In a recent issue of Horizon Time (our electronic newsletter read by thousands of leaders around the world) we state that leaders have no choice but to learn to become more comfortable leading despite ambiguity–the shades of gray.
Leaders often know this intellectually but as we grow in our responsibilities we can get lured into the trap of over-simplifying problems and issues, pretending there is black-and-white when it’s really a matter of trade-offs.
So, how can leaders improve their ability to lead despite ambiguity? Here are some ideas for your consideration:
- Seek perspective (Webster: “the capacity to view things in their true relations or relative importance”). Get input from many sources. Don’t simply rely on your own observations (and biases).
- Understand Horizon Planning. The closer something is to you, the easier it is to predict. The further it is (the closer to the horizon), the more ambiguity. Don’t fight it. Manage it.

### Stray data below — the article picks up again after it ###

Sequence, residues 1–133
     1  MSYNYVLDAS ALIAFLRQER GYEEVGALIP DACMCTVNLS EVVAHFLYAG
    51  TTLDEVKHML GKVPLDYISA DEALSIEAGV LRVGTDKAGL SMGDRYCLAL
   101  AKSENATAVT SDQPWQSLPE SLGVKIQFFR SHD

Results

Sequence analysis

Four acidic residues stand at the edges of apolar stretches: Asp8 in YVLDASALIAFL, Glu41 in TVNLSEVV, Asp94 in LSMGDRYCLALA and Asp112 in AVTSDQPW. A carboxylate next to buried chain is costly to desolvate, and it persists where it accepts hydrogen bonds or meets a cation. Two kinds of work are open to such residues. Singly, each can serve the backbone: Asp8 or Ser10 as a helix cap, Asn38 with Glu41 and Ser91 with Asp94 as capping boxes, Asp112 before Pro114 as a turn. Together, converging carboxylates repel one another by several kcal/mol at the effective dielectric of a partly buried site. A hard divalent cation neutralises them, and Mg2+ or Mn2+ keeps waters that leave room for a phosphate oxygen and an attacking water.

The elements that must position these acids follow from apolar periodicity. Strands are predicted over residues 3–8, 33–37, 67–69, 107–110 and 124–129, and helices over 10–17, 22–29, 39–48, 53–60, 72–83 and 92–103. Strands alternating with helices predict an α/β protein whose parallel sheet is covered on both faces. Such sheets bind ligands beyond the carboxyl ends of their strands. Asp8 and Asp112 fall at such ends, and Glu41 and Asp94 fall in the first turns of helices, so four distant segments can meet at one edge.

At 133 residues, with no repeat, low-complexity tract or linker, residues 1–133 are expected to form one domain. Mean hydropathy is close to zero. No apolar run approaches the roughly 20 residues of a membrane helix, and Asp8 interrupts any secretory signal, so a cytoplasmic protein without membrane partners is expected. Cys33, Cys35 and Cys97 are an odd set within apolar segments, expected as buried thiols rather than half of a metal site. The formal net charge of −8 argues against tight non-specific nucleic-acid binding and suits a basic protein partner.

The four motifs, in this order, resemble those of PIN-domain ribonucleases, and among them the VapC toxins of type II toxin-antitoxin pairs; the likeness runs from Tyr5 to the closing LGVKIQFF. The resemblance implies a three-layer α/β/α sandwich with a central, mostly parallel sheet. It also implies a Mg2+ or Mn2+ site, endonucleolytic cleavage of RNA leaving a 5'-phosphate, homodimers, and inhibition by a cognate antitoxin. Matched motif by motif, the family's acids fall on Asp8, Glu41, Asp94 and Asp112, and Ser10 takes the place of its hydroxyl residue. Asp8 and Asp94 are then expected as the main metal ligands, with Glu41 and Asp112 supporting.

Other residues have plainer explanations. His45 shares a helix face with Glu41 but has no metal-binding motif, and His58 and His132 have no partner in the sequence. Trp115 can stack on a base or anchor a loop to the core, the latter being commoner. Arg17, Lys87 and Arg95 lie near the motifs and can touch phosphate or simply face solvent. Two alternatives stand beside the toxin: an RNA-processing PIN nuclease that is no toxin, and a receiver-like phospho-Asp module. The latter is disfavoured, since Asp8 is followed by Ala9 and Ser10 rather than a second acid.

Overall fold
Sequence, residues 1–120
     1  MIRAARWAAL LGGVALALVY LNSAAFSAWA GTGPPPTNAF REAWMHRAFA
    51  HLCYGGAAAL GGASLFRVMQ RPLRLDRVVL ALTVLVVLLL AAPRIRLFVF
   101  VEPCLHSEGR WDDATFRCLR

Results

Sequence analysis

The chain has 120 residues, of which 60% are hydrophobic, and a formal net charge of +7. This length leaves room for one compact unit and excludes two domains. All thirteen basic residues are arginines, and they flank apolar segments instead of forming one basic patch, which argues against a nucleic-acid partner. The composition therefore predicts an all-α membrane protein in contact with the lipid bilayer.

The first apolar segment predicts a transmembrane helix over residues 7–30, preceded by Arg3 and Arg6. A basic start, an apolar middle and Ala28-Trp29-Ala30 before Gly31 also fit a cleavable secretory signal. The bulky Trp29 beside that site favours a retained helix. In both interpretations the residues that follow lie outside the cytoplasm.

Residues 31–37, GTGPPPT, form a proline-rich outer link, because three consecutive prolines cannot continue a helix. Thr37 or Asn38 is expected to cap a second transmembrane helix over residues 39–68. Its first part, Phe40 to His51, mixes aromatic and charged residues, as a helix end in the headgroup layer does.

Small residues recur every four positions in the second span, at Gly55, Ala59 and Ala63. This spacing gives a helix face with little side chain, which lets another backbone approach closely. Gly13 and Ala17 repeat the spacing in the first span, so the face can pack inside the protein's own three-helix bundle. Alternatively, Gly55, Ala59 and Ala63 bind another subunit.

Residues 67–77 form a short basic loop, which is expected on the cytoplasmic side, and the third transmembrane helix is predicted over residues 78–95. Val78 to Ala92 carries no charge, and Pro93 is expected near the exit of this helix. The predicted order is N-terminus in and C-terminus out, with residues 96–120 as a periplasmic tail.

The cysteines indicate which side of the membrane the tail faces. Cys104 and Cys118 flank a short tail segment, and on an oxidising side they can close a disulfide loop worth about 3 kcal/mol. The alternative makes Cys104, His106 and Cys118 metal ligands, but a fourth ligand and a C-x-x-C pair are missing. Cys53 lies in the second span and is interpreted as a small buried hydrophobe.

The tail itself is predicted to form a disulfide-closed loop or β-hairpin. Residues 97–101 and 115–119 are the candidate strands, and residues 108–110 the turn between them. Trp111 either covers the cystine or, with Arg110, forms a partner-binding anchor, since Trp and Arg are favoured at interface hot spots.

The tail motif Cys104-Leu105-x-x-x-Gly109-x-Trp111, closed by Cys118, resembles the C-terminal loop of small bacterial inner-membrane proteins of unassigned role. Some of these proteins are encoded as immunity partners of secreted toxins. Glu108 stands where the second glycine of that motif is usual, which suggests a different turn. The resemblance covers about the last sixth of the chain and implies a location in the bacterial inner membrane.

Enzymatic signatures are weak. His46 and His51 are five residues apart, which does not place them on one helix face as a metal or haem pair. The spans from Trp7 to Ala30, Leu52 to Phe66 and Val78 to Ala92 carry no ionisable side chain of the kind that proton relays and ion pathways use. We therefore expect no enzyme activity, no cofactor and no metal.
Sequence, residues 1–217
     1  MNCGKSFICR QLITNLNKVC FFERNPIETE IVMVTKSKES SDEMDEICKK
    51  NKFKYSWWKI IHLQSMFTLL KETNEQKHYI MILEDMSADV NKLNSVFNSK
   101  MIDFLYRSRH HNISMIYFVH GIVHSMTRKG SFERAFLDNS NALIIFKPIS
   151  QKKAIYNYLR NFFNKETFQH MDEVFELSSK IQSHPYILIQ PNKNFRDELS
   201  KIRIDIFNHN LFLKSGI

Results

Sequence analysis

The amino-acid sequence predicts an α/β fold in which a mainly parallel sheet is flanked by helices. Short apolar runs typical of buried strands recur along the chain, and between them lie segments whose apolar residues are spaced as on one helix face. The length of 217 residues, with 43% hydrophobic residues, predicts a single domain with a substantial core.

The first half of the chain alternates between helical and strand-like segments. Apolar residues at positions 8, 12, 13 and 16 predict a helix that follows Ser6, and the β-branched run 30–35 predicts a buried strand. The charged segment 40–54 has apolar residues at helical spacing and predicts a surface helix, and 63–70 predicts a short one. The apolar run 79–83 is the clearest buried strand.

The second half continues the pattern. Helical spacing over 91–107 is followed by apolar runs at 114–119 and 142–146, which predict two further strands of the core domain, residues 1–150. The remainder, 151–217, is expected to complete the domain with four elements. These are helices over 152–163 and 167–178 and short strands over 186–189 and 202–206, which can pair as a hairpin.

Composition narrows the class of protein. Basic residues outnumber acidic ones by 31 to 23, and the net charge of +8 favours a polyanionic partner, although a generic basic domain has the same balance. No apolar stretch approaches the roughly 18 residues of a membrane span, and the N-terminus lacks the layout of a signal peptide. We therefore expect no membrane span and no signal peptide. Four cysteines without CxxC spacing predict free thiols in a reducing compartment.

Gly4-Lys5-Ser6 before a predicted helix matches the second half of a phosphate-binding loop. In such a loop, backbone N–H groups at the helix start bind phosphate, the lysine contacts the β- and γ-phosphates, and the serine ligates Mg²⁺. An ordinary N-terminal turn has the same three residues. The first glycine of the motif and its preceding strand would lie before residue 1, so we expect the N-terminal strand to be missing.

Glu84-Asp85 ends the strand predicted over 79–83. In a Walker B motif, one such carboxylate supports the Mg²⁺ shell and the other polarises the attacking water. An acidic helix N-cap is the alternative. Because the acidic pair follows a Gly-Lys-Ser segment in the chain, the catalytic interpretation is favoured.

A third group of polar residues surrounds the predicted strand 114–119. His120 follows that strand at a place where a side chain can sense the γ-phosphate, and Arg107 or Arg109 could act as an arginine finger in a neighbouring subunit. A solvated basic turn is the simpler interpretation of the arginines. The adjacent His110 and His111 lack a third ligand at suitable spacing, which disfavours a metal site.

- Manage expectations (yours and others). Don’t promise predictability when you cannot provide it. Keep people in the loop when change occurs.
- Allow responsible mistakes. They’ll be made when there is ambiguity. If not, you’re not taking enough risk (or punishing people when mistakes happen). We prefer people shoot themselves in the foot instead of the head but realize mistakes come with ambiguity.
- Keep learning. Read intentionally. Learn from others.
- Capture lessons learned. Take time to capture what you’ve learned so you can repeat successes (and avoid mistakes).
- Surround yourself wisely. Don’t hire your clones. Surround yourself with people who think differently from you.
These and more ideas are from my book Navigating the Winds of Change: Staying on Course in Business & in Life. Click for more information.
What are your most challenging ambiguous situations? How have you learned to lead despite ambiguity? Post a comment to share your thoughts.